Every Polish parish has its mutual aid societies, affiliated in nearly every instance with one of the major national organizations, all of which are conducted on a basis of fraternal insurance. These societies do a great amount of good among the poor, caring for such of their members as are visited by misfortune, giving the Poles desirable solidarity, and making for the social, religious, and economic advance of the Polish community. Most frequently they are parish organizations, and partake of the character of confraternities, whose public appearance at Divine services on national and religious festivals lends solemnity to the occasions and constitutes an open profession of the Faith of the Polish masses. In the larger Polish communities there are associations of physicians, dentists, druggists, journalists, merchants, and military, dramatic, and singing societies, nearly all of which are affiliated with the major organizations. The many building, loan, and savings associations among the Poles have received high praise from state officials.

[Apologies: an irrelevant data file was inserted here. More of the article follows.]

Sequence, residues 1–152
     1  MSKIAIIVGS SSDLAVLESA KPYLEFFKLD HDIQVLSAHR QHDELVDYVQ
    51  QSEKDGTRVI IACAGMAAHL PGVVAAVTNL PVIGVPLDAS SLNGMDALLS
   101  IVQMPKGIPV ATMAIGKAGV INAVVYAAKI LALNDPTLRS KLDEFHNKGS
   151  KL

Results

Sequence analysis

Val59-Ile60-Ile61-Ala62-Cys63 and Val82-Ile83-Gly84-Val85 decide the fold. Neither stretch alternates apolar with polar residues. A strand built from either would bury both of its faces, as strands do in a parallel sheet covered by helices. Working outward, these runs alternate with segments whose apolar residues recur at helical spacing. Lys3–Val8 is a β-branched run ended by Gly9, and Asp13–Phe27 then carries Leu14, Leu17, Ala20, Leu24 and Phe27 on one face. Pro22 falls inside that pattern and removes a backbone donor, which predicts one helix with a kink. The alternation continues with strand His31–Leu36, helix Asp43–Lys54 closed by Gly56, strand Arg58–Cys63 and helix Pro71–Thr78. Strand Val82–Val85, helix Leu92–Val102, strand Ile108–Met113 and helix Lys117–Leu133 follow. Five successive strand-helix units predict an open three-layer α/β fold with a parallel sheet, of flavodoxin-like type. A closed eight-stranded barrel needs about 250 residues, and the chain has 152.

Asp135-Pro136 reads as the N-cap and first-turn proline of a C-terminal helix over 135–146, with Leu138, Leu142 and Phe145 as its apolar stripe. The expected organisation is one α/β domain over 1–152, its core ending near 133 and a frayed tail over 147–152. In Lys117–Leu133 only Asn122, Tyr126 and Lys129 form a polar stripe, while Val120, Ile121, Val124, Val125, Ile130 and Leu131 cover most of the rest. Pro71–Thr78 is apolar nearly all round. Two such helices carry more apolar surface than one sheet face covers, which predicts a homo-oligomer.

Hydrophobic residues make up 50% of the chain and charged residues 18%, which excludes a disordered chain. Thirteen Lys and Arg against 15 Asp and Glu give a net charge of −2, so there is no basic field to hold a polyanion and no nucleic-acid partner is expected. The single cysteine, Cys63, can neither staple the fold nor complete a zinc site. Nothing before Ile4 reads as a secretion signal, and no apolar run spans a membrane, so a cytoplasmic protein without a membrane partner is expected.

From 1866 to 1870 various local organizations were forming in Philadelphia, Pittsburg, Chicago, New York, Milwaukee, and in San Francisco, where there had existed a Polish colony since the Civil War. The most important Polish Catholic organization, Zjednoczenie Polsko-Rzymsko Katolickie pod Opieka Boskiego Serca Jezusa (The Polish Roman Catholic Union under the Protection of the Sacred Heart of Jesus ), was organized in 1873, but it was not until 1886 that it assumed its present character, although the spirit of the Union has always been staunchly Catholic. Its first organ was the "Gazeta Katolicka"; the present official organ is the "Naród Polski" (The Polish Nation). The Union has a membership of 52,000, in 550 councils, all of which are parish organizations; its assets are $666,708. In 1910 the increase in membership was 13,000, and the increase in its assets $175,815. In the same year it assisted fifty-six students, children of its members, by distributing among them $4268. It has assisted crippled members by voluntary gifts amounting to $1455 in the same period. Its educational fund, the interest of which supports indigent students, is $31,051.